By Joel Warner
By Michael Roberts
By Alan Prendergast
By Michael Roberts
By Michael Roberts
By Amber Taufen
By Patricia Calhoun
By William Breathes
"In many ways, geese can be very smart," notes Tom Remington, avian research leader for the Colorado Division of Wildlife. "For example, here in Fort Collins, when the students leave CSU for the holidays, the geese flock onto the campus. But when the students return, the geese leave."
On the other hand, he acknowledges, "At times, there's nothing dumber than a goose. Like when you shoot one, and the others in the flock keep coming in. There seems to be something motivating them besides survival."
The point, of course, is that geese spend the majority of their lives flying someplace between smart and dumb -- doing their best to navigate circumstances for which they are often unprepared. As Remington points out, "When you think about their evolutionary history, what would have programmed regular geese to be afraid of big fake geese?"
For the moment, the answer appears to be "nothing...yet." Which explains how it is that on a sub-freezing morning, I can sit inside a huge plastic goose and fully believe that the birds flying overhead won't be alarmed by the fact that, of the dozens of decoys spread out below, three happen to be the size of Volkswagen Beetles and have Sorel boots sticking out of their bottoms.
There's an old joke about fly fishermen: New flies are not made to attract fish; they're made to attract fly fishermen. The sport creates an endless craving for new equipment, on the assumption that no matter how ridiculous something looks or how much it costs, anything that might possibly attract a trout to your line is worth buying.
Goose hunters are the fly fishermen of hunting. "I don't want to use the word 'fanatical,'" says Mark Beam, who's been guiding goose-hunting expeditions out of Brighton for a dozen years. "Because that would make me a fanatic, which I don't think I am. Obsessive, maybe."
Still, Beam agrees it's fair to say that most serious goose hunters have issues. "The first step to recovery is admitting you have a problem," he says. "But goose hunters don't even want to admit it. Every one of them has a shed full of stuff in the backyard that they've tried but doesn't work."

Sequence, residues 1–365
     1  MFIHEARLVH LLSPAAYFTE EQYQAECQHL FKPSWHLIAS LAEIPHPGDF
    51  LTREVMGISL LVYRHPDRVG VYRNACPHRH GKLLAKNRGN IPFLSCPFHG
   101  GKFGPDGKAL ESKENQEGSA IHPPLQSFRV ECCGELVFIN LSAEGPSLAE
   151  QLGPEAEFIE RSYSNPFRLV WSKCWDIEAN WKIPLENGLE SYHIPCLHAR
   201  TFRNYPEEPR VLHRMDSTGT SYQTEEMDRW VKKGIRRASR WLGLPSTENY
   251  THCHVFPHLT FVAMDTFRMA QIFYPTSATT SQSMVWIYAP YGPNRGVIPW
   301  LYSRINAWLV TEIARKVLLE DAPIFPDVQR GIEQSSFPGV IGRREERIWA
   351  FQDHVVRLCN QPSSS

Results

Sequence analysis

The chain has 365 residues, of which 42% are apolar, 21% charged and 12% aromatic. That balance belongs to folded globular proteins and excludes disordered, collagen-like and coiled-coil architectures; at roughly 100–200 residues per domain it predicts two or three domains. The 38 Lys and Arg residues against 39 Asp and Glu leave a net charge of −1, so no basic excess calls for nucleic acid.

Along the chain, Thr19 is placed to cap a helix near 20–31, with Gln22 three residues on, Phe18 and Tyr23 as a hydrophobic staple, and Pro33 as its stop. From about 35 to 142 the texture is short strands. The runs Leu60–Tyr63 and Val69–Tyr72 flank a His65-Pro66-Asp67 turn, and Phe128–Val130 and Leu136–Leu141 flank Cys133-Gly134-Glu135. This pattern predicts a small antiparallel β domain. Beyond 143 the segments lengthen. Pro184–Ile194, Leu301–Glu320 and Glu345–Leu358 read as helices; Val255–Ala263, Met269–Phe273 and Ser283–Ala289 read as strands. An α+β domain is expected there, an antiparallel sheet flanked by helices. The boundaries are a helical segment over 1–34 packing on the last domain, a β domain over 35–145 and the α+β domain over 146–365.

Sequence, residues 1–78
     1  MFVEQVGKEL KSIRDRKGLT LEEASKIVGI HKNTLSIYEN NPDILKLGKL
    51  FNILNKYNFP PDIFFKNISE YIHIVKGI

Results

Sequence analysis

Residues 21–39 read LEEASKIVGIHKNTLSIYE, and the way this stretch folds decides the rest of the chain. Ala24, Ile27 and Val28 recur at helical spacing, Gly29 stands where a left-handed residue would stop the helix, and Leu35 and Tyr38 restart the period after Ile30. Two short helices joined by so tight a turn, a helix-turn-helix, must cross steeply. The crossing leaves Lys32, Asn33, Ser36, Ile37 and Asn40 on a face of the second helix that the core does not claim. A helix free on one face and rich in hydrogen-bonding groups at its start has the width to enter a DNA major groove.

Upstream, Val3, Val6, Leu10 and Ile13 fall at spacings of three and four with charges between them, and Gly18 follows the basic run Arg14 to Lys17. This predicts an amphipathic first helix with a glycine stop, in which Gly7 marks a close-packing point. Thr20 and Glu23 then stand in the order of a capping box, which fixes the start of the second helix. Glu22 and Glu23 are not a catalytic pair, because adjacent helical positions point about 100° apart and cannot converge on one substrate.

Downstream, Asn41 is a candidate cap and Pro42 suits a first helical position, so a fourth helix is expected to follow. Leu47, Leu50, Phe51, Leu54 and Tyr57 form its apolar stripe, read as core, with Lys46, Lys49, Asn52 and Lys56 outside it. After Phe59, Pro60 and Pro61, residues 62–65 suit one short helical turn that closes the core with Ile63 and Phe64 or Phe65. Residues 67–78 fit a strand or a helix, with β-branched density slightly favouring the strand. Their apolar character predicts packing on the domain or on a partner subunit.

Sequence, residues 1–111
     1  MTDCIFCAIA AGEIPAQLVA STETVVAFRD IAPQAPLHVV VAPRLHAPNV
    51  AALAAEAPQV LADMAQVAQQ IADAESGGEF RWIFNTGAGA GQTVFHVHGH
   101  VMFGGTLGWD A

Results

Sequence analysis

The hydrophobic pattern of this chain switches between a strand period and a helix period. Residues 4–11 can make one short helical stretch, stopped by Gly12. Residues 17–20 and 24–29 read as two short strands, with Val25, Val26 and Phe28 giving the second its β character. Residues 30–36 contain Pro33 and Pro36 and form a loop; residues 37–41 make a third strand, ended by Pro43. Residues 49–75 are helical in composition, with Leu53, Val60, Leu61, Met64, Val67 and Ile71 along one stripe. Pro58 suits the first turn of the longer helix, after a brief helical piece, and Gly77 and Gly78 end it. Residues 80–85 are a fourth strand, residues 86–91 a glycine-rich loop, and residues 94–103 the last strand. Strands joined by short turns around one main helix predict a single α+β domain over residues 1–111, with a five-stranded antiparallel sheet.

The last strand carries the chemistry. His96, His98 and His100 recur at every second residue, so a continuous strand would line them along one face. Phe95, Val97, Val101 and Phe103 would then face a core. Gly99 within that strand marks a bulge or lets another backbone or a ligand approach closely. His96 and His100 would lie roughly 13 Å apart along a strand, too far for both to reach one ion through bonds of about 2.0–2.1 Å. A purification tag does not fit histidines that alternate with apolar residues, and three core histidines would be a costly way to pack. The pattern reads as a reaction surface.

"It's an equipment-intensive sport," explains Remington. "And you have lots of time to sit there and stare at your spread."
On paper, the goose-hunting challenge seems uncomplicated: You must convince the birds to fly close enough so that you can shoot them. But the hordes of belligerent, diarrheal flocks that have taken over the city's park system notwithstanding, convincing birds to fly within range is far more difficult than it sounds, and over the years there have been plenty of innovations designed to tempt geese out of the sky.
Some of these are surprisingly low-tech -- more litter than innovation. Tossing diapers, garbage bags and paper plates onto a field to simulate a flock of snow geese, for example. Other methods are barely more sophisticated: Many hunters tie socks to sticks and wave them around in an attempt to simulate flapping goose wings.
When geese are involved, the distinction between hunting and humiliation is a fine one. Several years ago, Herter's, a respected North Carolina purveyor of outdoor gear, came out with the latest in goose attractants: a full-body suit designed to make its wearer look as much like a Canada goose as humanly possible. "You now become part of your decoy spread," the company's 1998 catalogue promised seductively. "The suit turns you into a magnum-sized decoy and lets you add motion to your spread by flapping and waddling around."
Goose hunters have been known to shoot at birds from grain elevators and leap out of plywood shelters that are painted to look like cows grazing in a field; however, a Herter's buyer admits that the $99.99 Goose Suit Canadian Decoy was an idea whose time had perhaps not yet arrived. "It sold some," he says, "but it wasn't received very well in hunting circles as a viable goose-hunting accessory."
Translation: "It was embarrassing," he says. "We used to have guys wear it at trade shows, but I would never wear one. It seems if a hunter wore it once in front of his buddies, it was usually the last time. We discontinued it after two seasons. That was plenty."
Once you've lured some geese within birdshot range, the next trick is to keep from scaring them off. Hunters have taxed their brains looking for better ways to render themselves invisible to overhead flocks. Beam remembers one friend who designed a blind entirely out of mirrors. The idea was that if the mirrors faithfully reflected the ground around them, the blind itself would be invisible. But the hunter neglected to consider the sun, whose reflection, rather than lulling the geese into an unsuspecting landing, instead drove them away in a blind panic.
Waterfowl seem to take the presence of colossal facsimiles more or less in stride, however. (An old Garrison Keillor monologue imagined what the birds thought as they flew overhead: "There's a duck down there; I can see it clearly. The lake seems a little smaller than last year....") And so, given the goose hunter's perpetual search for any gimmick that might make a difference, it was probably only a matter of time before someone hit on the idea of making a bird large enough to hide in. Giant hollow geese surmounted both of the hunter's hurdles, handling both concealment and attraction in a combined decoy/blind.